Juniper wood, brought back from Denmark, but foraged in Sweden. I have been bewitched by it’s aroma and have been experimenting with various methods to manifest it’s nuances in an infusion. Being a member of the   Cupressoideae      subfamily of the Cyprus, and thus related to cedar, it is reminiscent of both cigar boxes and saunas, but sweet, and nothing like the berries. I have no love for juniper berries, though I love gin. I’m not sure why this should be, but I spent many hours peeling them with the tip of a tiny curved knife when stageing in Denmark last year, and can’t help but think it has something to do with it.  
  On the left, an infusion in some pretty intense Polish grain vinegar (10% acidity). It has been infusing for around two months, and has captured a lot of the subtleties I was hoping for. It is incredibly strong vinegar, and I am hoping that ageing will soften it somewhat.  
  On the right, an infusion of wood in (Polish, again) rectified spirit (79% ABV). It is two weeks old, and the alcohol has drawn a lot of pigment from the wood (it is more pink when not being photographed under strip lights) Although this suggests promise, it is very vodka-y and to lean over the open jar to smell it is still something of a trial. Again, some ageing seems necessary.

Juniper wood, brought back from Denmark, but foraged in Sweden. I have been bewitched by it’s aroma and have been experimenting with various methods to manifest it’s nuances in an infusion. Being a member of the Cupressoideae  subfamily of the Cyprus, and thus related to cedar, it is reminiscent of both cigar boxes and saunas, but sweet, and nothing like the berries. I have no love for juniper berries, though I love gin. I’m not sure why this should be, but I spent many hours peeling them with the tip of a tiny curved knife when stageing in Denmark last year, and can’t help but think it has something to do with it.

On the left, an infusion in some pretty intense Polish grain vinegar (10% acidity). It has been infusing for around two months, and has captured a lot of the subtleties I was hoping for. It is incredibly strong vinegar, and I am hoping that ageing will soften it somewhat.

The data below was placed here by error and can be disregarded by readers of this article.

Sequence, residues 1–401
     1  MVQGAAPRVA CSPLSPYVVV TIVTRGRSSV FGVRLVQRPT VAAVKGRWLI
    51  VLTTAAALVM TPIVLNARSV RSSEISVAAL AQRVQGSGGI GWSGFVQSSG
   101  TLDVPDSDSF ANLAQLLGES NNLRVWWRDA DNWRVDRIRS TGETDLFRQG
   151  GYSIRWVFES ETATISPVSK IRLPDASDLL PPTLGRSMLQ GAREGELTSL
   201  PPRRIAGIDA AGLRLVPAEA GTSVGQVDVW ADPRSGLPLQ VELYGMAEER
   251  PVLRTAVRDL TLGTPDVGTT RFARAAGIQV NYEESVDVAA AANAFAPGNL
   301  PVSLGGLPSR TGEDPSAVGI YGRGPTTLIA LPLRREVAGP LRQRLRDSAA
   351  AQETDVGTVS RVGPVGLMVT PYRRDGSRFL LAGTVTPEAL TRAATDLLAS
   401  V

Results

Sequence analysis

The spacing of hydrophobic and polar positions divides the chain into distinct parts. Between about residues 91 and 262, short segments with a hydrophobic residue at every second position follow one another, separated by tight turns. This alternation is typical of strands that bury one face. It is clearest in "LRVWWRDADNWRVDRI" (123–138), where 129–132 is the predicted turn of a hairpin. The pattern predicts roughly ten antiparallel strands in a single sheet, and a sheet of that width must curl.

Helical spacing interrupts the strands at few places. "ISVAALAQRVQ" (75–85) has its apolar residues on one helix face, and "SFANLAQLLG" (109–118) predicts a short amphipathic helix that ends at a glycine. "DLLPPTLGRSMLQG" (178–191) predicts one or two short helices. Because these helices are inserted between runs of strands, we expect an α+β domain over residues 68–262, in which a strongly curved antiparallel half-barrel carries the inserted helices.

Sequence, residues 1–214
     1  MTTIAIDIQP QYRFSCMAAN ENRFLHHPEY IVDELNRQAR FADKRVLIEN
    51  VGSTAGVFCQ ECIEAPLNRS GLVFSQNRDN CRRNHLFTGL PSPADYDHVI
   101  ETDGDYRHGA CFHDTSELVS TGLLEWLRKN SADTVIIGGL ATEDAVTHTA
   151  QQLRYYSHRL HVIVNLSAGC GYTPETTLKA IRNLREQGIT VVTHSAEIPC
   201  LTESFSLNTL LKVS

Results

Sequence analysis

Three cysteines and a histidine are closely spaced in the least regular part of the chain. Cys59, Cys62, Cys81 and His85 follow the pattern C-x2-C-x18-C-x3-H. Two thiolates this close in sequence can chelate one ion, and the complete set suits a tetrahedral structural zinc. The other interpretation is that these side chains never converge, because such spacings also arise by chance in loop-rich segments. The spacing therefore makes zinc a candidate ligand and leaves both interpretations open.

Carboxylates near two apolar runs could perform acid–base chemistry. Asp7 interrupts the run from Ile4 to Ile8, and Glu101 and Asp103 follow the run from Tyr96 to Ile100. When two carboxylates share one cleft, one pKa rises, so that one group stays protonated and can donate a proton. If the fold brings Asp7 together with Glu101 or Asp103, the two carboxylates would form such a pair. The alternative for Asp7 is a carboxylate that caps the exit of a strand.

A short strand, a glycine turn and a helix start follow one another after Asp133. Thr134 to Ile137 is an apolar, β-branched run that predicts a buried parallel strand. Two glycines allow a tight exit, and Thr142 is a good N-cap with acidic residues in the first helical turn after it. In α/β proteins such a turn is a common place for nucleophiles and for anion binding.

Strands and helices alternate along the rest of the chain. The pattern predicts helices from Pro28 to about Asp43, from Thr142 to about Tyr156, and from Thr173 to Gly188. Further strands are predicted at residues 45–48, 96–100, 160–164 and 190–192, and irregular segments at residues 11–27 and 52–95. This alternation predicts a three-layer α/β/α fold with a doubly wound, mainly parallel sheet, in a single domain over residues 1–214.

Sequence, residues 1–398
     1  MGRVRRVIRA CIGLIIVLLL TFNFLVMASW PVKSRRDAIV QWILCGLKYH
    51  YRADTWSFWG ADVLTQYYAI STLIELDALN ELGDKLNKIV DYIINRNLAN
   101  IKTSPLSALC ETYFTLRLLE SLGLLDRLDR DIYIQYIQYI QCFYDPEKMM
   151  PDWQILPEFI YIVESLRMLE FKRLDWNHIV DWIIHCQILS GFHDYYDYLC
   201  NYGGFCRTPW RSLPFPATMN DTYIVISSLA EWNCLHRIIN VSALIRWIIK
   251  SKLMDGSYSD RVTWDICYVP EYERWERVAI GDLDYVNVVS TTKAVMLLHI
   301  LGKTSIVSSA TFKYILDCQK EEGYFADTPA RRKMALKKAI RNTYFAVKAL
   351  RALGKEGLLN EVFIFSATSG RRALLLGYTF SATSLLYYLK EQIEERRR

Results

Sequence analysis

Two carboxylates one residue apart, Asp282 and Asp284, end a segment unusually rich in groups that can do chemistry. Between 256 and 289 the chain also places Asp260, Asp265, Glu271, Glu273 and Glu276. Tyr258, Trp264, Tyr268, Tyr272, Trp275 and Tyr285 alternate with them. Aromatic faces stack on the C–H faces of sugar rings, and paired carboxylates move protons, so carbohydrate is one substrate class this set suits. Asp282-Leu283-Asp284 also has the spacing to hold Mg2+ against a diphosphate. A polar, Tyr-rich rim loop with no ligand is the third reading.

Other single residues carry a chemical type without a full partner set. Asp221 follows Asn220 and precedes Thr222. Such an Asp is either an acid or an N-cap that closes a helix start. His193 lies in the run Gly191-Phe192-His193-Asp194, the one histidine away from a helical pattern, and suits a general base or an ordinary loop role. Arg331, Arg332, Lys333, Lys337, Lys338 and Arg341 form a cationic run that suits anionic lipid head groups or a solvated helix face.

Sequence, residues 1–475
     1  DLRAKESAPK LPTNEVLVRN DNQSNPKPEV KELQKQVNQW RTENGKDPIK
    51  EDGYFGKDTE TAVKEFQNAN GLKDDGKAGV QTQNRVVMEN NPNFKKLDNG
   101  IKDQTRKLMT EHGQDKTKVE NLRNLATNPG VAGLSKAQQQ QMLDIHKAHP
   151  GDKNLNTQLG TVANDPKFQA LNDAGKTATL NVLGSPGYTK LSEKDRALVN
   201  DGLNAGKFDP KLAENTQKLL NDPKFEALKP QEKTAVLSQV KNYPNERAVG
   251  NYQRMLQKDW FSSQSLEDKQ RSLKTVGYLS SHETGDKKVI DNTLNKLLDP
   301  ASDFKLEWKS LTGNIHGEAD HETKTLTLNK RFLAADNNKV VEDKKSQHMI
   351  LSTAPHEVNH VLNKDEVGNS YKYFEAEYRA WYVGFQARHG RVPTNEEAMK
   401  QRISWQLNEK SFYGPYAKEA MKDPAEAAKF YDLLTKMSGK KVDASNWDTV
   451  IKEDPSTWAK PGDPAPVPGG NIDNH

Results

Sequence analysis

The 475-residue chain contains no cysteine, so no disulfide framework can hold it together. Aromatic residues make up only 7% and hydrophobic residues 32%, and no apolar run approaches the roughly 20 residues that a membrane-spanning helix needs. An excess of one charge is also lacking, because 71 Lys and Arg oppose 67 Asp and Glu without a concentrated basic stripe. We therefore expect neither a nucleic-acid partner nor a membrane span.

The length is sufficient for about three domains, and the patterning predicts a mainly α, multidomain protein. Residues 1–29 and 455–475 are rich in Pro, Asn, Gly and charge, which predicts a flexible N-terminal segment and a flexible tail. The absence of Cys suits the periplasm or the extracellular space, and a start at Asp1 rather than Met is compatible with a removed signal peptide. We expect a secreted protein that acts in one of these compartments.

On the right, an infusion of wood in (Polish, again) rectified spirit (79% ABV). It is two weeks old, and the alcohol has drawn a lot of pigment from the wood (it is more pink when not being photographed under strip lights) Although this suggests promise, it is very vodka-y and to lean over the open jar to smell it is still something of a trial. Again, some ageing seems necessary.

More adventures with Juniper Wood - lo-fi steam distillation

As per a suggestion from Ben Reade at Nordic Food Lab, I filled the coffee basket of my stovetop coffee pot with Juniper wood and the bottom chamber with water and a piece of unsalted butter. I filtered the peach coloured liquid that came out, and have a decent glass full of juniper stock. I had no end result in mind, save for a wish to capture the amazing aroma of juniper wood, and am considering making it into a fizzy soda or perhaps a new kombucha.

Kentish Romano Peppers 

From the Isle of Thanet and bought at Fruit Garden in Herne Hill.
I smoked them in a drum barbecue for five hours, over a smoldering mixture of elder and juniper woods, green tea and hay. I had planned to try and dry them in the sun during the micro heatwave we had, but this was too micro, and it’s gone, and so I have started to dry them at 70C in the oven. They have been in for around twelve hours so far. The kitchen smells amazing.

Halfway through the smoking, I collected the juice that had been drawn out of the pepper flesh and which had collected in the keel of the peppers. It was insanely good, and I drank it all. 

Juniper wood 
 Gathered by   Tage R  ø    nne , a Danish woodsman. I have a small amount left, of which this batch I am going to roast (30 mins, 120C) and leave to infuse in 79% alcohol to make a tincture.  
  
  
   Normal.dotm 
   0 
   0 
   1 
   1 
   9 
   You Mum 
   1 
   1 
   11 
   12.0 
  
  
   
  
    
  
   0 
   false 
   
   
   18 pt 
   18 pt 
   0 
   0 
   
   false 
   false 
   false 
   
    
    
    
    
   
  
    
  
  
  

 
 
 /* Style Definitions */
table.MsoNormalTable
	{mso-style-name:"Table Normal";
	mso-tstyle-rowband-size:0;
	mso-tstyle-colband-size:0;
	mso-style-noshow:yes;
	mso-style-parent:"";
	mso-padding-alt:0cm 5.4pt 0cm 5.4pt;
	mso-para-margin-top:0cm;
	mso-para-margin-right:0cm;
	mso-para-margin-bottom:10.0pt;
	mso-para-margin-left:0cm;
	mso-pagination:widow-orphan;
	font-size:12.0pt;
	font-family:"Times New Roman";
	mso-ascii-font-family:Cambria;
	mso-ascii-theme-font:minor-latin;
	mso-fareast-font-family:"MS 明朝";
	mso-fareast-theme-font:minor-fareast;
	mso-hansi-font-family:Cambria;
	mso-hansi-theme-font:minor-latin;
	mso-ansi-language:EN-US;}

Juniper wood

Gathered by Tage Rønne, a Danish woodsman. I have a small amount left, of which this batch I am going to roast (30 mins, 120C) and leave to infuse in 79% alcohol to make a tincture.